Why resilience managers aren’t resilient, and what human resource management can do about it

Layla Branicki*, Véronique Steyer, Bridgette Sullivan-Taylor

*Corresponding author for this work

Research output: Contribution to journalArticlepeer-review


Prior resilience research typically focuses on either the individual or the organisational level of analysis, emphasises resilience in relation to day-to-day stressors rather than extreme events and is empirically under-developed. In response, our study inductively theorises about the relationships between individual and organisational resilience, drawing upon a large-scale study of resilience work in UK and French organisations. Our first-hand accounts of resilience work reveal the micro-processes involved in producing resilient organisations, and highlight the challenges experienced in doing resilience work in large organisations. We show that these micro-processes have significant implications for resilience at both individual and organisational levels, and draw implications for how HRM interventions can help to promote individual, and thus organisational, resilience.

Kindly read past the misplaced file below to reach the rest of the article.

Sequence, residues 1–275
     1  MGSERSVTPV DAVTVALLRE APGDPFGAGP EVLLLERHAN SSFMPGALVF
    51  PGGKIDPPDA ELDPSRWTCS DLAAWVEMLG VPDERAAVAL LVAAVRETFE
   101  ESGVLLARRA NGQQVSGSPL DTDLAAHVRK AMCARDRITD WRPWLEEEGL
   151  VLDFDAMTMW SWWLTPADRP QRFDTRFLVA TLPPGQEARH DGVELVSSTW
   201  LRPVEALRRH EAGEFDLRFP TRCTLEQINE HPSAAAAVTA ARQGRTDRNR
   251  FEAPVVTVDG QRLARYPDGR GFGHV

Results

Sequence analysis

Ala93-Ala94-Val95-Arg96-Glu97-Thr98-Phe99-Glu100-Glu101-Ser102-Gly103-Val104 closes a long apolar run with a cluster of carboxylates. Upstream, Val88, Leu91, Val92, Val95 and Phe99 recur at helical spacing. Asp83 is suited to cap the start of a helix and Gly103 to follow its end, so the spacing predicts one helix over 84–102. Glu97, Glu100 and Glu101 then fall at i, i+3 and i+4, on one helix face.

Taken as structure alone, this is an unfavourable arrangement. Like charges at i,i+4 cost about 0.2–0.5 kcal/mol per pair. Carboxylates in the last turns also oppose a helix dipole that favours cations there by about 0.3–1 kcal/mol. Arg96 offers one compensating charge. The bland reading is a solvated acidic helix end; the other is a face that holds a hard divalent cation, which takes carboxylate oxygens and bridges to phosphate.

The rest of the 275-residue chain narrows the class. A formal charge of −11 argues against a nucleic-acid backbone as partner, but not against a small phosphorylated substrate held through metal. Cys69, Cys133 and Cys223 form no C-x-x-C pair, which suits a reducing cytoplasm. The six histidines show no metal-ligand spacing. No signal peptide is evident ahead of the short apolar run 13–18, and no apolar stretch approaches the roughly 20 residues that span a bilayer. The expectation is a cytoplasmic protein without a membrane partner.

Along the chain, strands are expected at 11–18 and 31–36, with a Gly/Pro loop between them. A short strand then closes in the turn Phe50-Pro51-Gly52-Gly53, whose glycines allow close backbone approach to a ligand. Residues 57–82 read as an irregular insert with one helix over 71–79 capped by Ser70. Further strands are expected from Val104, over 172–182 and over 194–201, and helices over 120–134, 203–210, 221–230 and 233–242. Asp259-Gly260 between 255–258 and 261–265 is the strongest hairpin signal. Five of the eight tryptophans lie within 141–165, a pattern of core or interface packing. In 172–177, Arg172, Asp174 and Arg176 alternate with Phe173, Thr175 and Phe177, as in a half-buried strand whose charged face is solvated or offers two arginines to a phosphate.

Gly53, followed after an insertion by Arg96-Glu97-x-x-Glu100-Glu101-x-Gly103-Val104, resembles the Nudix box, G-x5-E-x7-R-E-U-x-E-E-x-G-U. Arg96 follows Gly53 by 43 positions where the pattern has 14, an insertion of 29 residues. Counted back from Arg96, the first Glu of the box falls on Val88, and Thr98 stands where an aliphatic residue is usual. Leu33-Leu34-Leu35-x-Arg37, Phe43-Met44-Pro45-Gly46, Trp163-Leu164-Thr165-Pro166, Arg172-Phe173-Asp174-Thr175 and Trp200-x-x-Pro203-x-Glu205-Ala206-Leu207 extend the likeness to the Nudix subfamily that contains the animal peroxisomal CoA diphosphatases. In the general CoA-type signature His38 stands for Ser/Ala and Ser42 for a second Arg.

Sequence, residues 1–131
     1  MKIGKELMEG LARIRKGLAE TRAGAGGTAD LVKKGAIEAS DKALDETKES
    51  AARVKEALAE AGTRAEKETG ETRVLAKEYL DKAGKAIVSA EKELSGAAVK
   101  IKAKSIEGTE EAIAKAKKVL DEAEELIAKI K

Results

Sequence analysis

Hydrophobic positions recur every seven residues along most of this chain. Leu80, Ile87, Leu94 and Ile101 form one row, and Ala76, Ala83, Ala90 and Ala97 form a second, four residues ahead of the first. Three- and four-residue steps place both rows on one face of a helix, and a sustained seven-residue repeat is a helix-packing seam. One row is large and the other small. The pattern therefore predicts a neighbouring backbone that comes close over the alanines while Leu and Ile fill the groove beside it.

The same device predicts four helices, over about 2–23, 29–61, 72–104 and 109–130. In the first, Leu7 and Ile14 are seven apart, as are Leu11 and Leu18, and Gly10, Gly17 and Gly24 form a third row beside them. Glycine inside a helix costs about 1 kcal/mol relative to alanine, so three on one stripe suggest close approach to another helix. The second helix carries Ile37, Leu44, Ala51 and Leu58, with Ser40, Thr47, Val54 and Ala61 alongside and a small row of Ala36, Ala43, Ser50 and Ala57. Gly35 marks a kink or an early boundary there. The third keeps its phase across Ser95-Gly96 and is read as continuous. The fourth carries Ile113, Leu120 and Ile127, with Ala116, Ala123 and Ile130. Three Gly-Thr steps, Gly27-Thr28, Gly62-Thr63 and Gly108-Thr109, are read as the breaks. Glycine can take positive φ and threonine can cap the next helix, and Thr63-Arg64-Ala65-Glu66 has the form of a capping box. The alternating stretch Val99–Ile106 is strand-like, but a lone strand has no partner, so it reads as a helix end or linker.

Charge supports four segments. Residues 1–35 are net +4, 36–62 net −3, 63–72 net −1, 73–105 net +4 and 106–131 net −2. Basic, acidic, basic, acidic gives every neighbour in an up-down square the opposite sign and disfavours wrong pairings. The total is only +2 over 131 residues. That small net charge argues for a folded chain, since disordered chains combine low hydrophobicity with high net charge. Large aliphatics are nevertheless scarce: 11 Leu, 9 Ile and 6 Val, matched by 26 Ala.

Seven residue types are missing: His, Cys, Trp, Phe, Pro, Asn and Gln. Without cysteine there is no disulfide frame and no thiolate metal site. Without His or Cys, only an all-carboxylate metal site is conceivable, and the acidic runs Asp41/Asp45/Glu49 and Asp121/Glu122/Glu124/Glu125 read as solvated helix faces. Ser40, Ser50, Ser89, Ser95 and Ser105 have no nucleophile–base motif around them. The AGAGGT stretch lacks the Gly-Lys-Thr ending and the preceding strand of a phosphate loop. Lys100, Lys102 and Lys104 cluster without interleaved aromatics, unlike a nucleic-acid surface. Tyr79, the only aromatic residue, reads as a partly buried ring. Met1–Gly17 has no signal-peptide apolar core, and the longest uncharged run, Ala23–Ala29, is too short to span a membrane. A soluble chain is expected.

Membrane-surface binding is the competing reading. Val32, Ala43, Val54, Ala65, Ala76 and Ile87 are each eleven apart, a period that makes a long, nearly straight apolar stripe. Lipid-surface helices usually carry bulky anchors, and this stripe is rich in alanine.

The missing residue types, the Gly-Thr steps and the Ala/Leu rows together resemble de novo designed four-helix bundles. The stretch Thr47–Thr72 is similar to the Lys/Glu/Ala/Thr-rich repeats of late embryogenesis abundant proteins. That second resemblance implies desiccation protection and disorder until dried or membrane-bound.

Original languageEnglish
Pages (from-to)1261-1286
JournalInternational Journal of Human Resource Management
Issue number8
Early online date31 Oct 2016
Publication statusPublished - 28 Apr 2019

Bibliographical note

This is an Accepted Manuscript of an article published by Taylor & Francis in The International Journal of Human Resource Management on 31/10/16, available online: http://www.tandfonline.com/10.1080/09585192.2016.1244104


  • conceptual taint
  • dirty jobs
  • human resource management
  • resilience
  • taint management strategies


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